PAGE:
In this update we tackle the valve covers and the seals for them. Our Avant resto project has come a long way from its origins as a beat down, slow autotragic heap. For those of you joining in now, the wagon was restored from the ground up, and driven until we broke the tiptronic transmission. It was at that point we decided to swap in a manual. Why we were in there, we figured we should add some more power as well. Fast forward several months, and our donor 2.7tt motor is starting to take shape. While the motor ran well, its outward appearance wasn’t as good. 15 years of dirt had taken a toll on the motor and it was extremely dirty. The valve covers were no exception, and since we would absolutely be replacing the seal for the valve covers, we figured now would be as good a time as any to refinish them. The process of painting them was simple enough, however there are a few things that make the job different from your average resto. To remove the covers, you will need to unplug the coil packs and remove them as well as undo the several small nuts holding the valve covers to the heads. Take care when doing this, the nuts are secured to the heads using studs, snap one and it’s a world of pain. We recommend using a penetrating fluid if they are particularly corroded. Once you have removed all the nuts, the valve covers will be free, but still held on by the gasket maker. Very carefully tap the valve covers and pry them away from the heads. Be sure to avoid damaging the soft aluminum heads or valve covers. Once free, remove the rubber gaskets in the center section and around the perimeter. Using a razor blade, carefully scrape the remaining gasket maker off the heads and valve covers. A clean surface is essential for the new rtv sealant to work well. Once you have cleaned the heads cover them with plastic to prevent debris from falling into them. We chose to tape up the heads as well, given that the valve covers would be off for a while so the paint could set fully. (If you are just replacing the seals there is no need to do this, as you will be resealing them immediately.)
With the valve covers free of the motor, we started the cleaning and prep process. First we soaked them in a degreaser and blasted off the dirt with a high pressure hose. We then took to the valve covers with a wire brush to further knock off as much corrosion as we could. The final step was a wire wheel finish on the valve covers. We worked our way around each side methodically and slowly took the covers down to bare metal. In our case, the surface was good enough to avoid a heavy coat of primer. We chose a ceramic based enamel formulated specifically for valve covers and other engine components. The paint came with a metal etcher already mixed in, meaning we could shoot directly onto the cleaned up and lightly coated valve covers. We started with several very light dustings to create a tack surface for the main coats to stick to. Once we had a few light coats on, we came back through with a couple thicker coats, making sure they didn’t build up too much to avoid sagging. Once the coats had flashed over, we put down one final even coat and left the covers to dry for several days. While the paint will technically be dry in a few hours, it remain soft for a few days. Once the paint a hardened enough to install, we began the reinstallation.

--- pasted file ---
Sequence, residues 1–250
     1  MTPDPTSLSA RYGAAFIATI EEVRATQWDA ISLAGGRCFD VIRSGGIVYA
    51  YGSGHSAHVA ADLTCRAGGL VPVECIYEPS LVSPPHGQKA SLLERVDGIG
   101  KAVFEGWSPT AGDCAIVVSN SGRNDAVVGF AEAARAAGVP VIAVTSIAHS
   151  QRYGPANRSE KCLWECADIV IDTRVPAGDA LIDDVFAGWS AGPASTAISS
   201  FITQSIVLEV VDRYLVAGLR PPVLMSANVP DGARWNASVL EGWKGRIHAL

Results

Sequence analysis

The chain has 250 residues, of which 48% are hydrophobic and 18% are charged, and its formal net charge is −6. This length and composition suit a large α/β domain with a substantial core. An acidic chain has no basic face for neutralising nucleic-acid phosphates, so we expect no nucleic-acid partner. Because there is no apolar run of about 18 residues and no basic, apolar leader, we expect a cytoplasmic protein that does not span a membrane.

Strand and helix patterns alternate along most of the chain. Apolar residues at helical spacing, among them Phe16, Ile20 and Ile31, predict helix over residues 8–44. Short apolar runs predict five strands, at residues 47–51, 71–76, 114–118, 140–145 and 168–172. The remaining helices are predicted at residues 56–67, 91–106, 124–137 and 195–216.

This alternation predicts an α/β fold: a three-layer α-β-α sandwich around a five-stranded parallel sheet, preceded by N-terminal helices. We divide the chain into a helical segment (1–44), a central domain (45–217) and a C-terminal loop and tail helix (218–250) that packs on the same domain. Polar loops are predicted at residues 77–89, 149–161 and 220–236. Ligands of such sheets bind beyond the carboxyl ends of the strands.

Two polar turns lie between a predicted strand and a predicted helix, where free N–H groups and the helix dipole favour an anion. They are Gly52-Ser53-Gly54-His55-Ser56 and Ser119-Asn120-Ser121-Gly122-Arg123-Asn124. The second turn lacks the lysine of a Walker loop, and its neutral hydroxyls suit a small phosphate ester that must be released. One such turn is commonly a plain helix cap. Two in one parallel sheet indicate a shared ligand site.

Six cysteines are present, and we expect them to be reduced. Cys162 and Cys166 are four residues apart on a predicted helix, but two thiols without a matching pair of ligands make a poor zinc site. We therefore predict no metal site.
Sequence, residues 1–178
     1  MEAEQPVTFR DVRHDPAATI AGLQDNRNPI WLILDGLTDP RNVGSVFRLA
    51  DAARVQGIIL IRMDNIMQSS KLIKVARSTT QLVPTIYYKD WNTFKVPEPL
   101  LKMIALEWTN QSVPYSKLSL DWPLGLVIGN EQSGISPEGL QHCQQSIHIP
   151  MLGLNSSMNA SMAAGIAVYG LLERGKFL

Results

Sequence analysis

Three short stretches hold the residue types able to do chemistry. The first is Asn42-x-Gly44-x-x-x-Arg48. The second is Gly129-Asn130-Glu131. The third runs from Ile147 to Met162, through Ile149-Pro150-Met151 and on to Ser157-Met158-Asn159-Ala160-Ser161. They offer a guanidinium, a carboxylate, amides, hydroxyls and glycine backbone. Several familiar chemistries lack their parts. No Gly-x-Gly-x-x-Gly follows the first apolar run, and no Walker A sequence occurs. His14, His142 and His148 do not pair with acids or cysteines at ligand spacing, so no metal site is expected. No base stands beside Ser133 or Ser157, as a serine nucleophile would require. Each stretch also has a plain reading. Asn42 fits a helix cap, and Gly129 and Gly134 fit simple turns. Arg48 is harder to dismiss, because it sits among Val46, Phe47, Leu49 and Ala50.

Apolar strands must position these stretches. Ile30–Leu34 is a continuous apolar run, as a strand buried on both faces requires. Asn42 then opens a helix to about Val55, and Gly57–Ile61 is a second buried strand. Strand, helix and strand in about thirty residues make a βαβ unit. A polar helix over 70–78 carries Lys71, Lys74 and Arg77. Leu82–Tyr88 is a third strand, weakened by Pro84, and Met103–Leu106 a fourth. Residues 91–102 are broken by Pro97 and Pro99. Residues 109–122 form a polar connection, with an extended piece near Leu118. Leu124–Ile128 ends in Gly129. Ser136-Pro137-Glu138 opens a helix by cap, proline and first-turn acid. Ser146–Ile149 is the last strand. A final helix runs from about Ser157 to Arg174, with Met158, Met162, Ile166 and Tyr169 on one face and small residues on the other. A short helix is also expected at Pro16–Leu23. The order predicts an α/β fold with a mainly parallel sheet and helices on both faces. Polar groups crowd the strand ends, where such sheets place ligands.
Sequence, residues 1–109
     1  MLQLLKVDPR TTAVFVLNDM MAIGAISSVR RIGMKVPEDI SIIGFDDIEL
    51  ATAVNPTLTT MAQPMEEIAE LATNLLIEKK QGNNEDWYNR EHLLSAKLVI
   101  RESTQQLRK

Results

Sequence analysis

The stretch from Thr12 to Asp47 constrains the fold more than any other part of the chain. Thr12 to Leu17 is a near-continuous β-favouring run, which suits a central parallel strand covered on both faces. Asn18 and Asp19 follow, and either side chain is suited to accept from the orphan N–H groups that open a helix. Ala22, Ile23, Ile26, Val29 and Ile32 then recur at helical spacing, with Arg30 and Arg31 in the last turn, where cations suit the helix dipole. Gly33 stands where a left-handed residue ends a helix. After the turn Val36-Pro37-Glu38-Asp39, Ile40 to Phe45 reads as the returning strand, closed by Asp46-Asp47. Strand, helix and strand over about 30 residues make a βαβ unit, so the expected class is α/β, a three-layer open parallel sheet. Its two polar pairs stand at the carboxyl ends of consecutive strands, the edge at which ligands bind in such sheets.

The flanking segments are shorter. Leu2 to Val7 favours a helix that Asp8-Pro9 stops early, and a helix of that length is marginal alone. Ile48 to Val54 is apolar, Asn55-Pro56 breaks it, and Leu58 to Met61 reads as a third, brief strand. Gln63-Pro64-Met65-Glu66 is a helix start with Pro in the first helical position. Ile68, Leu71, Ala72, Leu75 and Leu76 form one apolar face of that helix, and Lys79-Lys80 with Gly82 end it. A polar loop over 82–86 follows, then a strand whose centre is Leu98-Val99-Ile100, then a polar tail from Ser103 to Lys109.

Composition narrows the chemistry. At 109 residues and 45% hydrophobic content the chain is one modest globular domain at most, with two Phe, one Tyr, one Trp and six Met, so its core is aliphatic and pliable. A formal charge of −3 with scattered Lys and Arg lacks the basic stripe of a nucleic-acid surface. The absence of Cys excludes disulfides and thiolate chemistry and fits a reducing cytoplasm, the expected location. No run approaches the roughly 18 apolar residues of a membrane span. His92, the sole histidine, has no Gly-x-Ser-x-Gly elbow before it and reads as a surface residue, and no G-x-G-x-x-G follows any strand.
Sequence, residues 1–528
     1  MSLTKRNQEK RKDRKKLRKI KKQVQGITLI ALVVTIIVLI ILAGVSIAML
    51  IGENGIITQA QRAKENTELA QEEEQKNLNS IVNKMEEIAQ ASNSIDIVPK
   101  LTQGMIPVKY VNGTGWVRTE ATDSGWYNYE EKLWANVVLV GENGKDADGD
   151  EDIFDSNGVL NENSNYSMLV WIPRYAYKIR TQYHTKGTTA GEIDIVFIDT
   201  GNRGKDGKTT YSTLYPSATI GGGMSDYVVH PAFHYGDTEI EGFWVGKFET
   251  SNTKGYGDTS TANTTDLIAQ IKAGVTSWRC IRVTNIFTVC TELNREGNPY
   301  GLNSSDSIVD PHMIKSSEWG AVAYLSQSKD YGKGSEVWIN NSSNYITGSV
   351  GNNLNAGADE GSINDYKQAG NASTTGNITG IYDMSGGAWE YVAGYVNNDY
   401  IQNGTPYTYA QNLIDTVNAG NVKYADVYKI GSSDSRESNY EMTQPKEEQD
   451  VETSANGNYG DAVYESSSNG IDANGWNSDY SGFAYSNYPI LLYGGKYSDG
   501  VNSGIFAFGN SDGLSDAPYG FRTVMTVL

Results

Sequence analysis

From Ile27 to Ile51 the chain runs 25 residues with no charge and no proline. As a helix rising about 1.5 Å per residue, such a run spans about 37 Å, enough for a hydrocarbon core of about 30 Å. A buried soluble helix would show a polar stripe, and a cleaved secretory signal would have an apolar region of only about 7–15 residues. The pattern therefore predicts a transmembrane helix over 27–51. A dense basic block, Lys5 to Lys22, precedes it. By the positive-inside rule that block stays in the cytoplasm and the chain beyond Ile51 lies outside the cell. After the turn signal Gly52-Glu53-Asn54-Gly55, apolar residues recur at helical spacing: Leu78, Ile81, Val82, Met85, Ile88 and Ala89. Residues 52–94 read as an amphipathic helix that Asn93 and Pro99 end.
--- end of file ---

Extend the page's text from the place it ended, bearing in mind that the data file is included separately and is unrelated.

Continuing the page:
Installation is relatively easy, using the correct rtv sealant, set a bead around the edges of the head and valve cover. Press the new rubber gasket into place and make sure the rtv doesn’t build up inside the heads. Place the valve cover firmly and evenly back into place and tighten down the nuts in a star pattern to the correct torque spec. They do not need much, but it is important to make sure they are evenly tight. The valve cover must lay flat to insure the best seal. Let the sealant cure and harden per the time suggested by the manufacture. Until next time, happy wrenching!